An assortment of Christmas songs I have recently listened to and enjoyed. Some light, some heavy, all festive. The Pogues feat. Kirsty MacColl, Fairytale of New York – In honor of its 25th birthday this week, and because it is a holiday song I listen to year ’round. August Burns Red, Carol of the Bells– There’s very little I like better than heavy metal Christmas carols. Unless it’s hardcore Christmas carols where the band gives the drummer free reign. This is my #1 favorite rendition of this song. It’s heavy and orchestral and amazing. Six Shooter, Carol of the Bells – Be sure to watch this one before you hit the egg-nog. I’m not sure I would have filmed it quite the same way, but I’ll forgive a lot because there are heavily tattooed dudes in black Santa hats shredding, and Santa himself sitting in with the band. The Lost Brothers with Bill Ryder-Jones, St. Christopher – This one is both dark and light, sweet and melancholy at the same time. It’s available for sale on The Lost Brothers website, and proceeds will go to the Peter McVerry Trust, which supports the young homeless … Continue reading
We continue our week-long Joe Strummer tribute, leading up to the 10-year anniversary of his death on December 22, with a bit about the Pogues. The lives of the Pogues weaved around Joe’s for a number of years, beginning before the Pogues even existed. In the late ’70s, young Shane MacGowan was a visible fixture on the London punk scene, but more as a fan than as a music maker. The first known intersection in the lives of Joe and Shane came on October 23, 1976, at the Clash’s first headlining gig in London at the ICA on the Mall. Part of the reason the date is so memorable involves Shane. Yes, you recognize him: that young man in the pinstriped jacket, with blood later streaming down the side of his head is the same person who would later go on to pen literary and poignant tunes like “Fairytale of New York” and “A Pair of Brown Eyes”. A true punk, Shane wouldn’t let a little bloody tussle keep him away from gigs, and he was captured again at a Clash show in 1977. In 1984, the Pogues toured in support of their first album Red … Continue reading
The Pogues’ last tour, which I caught as they rolled through New York during St. Patrick’s Day (really St. Patrick’s Week, or Month), was titled “A Parting Glass” and meant to be the last one. For a lot of reasons, I hope that’s not actually true. Not least because St. Patrick’s Day in New York will not ever be the same without them. These shots are actually from March 16, the second night of a three day run at T5. I didn’t stay in the pit very long, a combination of it being a school night and the pit being a little bit rough. I actually did the most dancing of the evening once I had retreated upstairs to the couches near the bar, where I twirled through a couple of measures of Dirty Old Town with a stranger. Though if this was their last go-round, I’ll hoard that memory as a fine send-off.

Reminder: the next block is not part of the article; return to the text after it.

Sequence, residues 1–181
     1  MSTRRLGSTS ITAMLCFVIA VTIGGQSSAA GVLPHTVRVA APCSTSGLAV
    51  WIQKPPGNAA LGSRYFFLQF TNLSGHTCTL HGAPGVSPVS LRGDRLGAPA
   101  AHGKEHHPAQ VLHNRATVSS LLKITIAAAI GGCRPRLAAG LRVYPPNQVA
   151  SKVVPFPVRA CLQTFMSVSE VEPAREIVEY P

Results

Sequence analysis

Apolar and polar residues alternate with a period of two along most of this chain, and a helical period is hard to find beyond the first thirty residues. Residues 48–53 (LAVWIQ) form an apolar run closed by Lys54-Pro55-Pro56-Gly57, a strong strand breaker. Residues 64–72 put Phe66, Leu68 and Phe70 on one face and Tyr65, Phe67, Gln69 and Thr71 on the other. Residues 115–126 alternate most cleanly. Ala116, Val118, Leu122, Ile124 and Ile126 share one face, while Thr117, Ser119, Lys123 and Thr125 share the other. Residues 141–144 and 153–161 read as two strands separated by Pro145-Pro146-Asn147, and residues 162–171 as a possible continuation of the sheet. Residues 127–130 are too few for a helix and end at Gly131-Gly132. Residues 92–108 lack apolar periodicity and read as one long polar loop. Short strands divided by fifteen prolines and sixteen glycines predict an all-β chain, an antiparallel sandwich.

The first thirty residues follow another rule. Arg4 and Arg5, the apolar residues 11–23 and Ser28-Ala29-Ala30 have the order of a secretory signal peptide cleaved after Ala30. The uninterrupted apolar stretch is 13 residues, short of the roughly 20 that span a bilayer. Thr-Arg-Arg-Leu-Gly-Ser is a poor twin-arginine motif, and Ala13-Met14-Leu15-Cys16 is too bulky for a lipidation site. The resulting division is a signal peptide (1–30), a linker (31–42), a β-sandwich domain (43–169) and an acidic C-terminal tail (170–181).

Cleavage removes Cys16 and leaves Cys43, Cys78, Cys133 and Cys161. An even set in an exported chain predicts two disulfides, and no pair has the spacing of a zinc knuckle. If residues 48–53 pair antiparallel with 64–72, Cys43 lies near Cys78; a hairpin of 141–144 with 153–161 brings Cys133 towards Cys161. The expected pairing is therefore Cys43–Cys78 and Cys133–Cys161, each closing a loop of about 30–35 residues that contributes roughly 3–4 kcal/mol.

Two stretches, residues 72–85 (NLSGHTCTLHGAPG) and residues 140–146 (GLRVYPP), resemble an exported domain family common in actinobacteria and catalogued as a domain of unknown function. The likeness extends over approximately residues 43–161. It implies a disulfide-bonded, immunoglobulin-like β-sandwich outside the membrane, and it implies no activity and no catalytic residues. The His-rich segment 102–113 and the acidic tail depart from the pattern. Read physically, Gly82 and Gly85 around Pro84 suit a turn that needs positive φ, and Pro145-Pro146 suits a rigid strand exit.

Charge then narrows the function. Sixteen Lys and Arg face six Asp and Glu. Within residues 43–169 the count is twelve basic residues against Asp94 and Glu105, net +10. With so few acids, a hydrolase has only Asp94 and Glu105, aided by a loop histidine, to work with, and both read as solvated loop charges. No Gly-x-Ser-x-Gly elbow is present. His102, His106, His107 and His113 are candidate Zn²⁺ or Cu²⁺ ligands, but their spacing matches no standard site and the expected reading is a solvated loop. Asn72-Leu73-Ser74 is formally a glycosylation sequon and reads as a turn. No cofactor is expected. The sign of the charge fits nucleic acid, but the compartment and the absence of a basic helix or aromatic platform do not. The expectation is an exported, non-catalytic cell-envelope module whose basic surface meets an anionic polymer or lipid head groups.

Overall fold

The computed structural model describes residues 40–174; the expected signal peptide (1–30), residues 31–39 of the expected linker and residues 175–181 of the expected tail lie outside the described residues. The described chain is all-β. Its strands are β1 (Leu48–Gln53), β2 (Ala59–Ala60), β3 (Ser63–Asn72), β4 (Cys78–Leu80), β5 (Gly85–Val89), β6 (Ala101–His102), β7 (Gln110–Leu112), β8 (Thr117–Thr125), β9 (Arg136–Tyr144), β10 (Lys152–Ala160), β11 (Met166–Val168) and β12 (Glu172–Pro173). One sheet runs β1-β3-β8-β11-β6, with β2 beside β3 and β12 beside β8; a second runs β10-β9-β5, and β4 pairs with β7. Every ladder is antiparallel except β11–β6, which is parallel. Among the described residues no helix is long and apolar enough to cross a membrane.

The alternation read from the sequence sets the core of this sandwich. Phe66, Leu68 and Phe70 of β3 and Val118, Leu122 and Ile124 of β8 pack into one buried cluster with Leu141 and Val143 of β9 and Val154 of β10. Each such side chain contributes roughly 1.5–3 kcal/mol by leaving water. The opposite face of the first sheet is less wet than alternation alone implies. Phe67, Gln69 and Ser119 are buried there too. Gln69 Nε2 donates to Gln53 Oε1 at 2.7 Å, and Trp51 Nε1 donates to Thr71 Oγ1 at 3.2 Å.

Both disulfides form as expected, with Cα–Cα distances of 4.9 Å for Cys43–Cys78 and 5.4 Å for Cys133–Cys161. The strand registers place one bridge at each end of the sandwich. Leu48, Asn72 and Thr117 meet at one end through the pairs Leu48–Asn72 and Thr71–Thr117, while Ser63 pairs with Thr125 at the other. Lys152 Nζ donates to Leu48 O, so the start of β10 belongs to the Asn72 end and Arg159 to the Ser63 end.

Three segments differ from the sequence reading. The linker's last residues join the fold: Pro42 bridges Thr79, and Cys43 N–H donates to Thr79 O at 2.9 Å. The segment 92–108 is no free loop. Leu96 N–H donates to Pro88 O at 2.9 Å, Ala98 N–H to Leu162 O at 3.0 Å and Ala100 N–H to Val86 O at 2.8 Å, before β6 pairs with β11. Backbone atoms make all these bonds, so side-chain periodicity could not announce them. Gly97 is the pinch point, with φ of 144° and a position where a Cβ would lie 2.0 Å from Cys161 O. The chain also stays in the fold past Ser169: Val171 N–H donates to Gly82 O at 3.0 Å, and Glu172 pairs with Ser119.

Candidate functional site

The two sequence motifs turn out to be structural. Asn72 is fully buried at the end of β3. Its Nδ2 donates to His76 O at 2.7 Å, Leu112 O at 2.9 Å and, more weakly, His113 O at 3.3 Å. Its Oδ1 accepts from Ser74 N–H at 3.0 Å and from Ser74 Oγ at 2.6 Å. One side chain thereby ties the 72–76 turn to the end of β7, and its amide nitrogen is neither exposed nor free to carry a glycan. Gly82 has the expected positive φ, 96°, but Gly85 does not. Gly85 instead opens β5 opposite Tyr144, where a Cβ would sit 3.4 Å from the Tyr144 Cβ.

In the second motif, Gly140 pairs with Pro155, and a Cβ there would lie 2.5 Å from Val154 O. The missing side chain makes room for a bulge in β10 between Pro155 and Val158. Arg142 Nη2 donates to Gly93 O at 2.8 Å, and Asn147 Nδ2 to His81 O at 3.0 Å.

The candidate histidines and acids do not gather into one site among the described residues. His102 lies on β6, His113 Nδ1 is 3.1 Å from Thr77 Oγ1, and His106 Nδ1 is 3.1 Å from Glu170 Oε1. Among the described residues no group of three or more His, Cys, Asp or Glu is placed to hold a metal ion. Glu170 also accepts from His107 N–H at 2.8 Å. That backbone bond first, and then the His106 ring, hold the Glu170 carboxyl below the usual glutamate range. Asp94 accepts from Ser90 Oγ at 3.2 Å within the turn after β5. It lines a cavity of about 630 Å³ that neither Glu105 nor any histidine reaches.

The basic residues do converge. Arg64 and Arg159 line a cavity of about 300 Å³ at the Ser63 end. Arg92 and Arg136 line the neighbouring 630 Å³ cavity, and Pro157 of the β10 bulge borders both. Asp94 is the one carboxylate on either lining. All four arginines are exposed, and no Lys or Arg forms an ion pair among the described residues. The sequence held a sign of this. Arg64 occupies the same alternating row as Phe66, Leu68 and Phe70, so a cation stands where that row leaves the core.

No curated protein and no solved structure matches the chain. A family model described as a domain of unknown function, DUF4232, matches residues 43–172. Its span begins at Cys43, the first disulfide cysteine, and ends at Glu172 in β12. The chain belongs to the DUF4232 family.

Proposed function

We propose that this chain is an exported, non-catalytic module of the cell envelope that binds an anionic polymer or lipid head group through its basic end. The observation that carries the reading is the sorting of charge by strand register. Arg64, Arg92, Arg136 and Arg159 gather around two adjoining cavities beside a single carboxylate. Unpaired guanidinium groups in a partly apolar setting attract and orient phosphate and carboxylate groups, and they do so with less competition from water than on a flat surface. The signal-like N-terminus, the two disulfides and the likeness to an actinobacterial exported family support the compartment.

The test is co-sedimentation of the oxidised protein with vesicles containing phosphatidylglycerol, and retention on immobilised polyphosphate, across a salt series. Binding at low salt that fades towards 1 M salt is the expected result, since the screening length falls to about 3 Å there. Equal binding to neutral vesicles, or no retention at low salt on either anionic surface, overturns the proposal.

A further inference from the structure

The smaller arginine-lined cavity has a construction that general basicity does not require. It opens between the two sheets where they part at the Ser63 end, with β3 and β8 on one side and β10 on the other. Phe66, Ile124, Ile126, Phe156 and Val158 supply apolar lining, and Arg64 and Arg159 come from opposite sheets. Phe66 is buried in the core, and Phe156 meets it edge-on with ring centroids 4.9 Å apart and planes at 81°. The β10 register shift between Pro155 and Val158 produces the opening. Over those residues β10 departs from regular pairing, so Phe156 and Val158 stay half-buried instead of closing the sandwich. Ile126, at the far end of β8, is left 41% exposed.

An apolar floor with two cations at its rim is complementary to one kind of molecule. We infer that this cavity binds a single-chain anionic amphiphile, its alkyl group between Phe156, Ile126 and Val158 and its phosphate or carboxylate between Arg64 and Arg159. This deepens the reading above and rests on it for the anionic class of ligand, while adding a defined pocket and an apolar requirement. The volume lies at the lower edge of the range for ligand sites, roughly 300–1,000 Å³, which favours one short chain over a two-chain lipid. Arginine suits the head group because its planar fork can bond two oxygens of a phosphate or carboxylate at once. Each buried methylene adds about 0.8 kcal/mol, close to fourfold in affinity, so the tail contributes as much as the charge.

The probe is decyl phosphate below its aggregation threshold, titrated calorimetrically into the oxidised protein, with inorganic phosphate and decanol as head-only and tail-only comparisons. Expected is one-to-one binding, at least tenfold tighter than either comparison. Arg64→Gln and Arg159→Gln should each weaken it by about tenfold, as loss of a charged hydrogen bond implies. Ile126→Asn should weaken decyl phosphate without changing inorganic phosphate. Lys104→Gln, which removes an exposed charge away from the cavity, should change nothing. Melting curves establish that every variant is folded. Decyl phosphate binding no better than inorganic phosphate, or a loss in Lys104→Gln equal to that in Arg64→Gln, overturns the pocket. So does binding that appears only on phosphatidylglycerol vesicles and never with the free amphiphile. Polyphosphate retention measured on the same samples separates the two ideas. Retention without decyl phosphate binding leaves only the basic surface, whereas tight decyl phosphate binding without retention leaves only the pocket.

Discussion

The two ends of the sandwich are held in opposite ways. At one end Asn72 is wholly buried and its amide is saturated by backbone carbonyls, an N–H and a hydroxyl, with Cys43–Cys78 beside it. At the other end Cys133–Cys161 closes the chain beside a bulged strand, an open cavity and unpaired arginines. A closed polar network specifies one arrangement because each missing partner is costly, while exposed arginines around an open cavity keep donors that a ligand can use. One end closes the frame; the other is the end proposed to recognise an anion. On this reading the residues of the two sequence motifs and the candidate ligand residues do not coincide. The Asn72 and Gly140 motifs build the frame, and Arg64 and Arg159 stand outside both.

That’s right, I’m going to do an Irish music post for St. Patrick’s Day. Bite me. I’ve always loved traditional Irish music, and my favorite voice in that genre, by far, is that of Ronnie Drew. If you know this classic performance of “The Irish Rover” by the Pogues and the Dubliners, you know Ronnie Drew. He’s the handsome, white-haired gentleman who takes the first verse. (Please excuse the advertisement at the beginning.) The Pogues & Dubliners – The Irish Rover by Renaud_lyon Drew’s deep gravel was sublime on its own, but as a part of the Dubliners (who were originally known as the Ronnie Drew Ballad Group when they formed in 1962), his voice was a beautiful complement to the tenors of Luke Kelly and Ciarán Bourke, as can be heard in the chorus of “The Rocky Road to Dublin”, one of my all-time favorite songs. Another example of how fine Drew’s voice was in harmony can be found in this lovely Gaelic tune, “Óró Sé do Bheatha Bhaile”, which translates to “Oh-ro, You’re Welcome Home”. In January of 2008, U2, the Dubliners, Kíla and a who’s who of Irish music (including Shane … Continue reading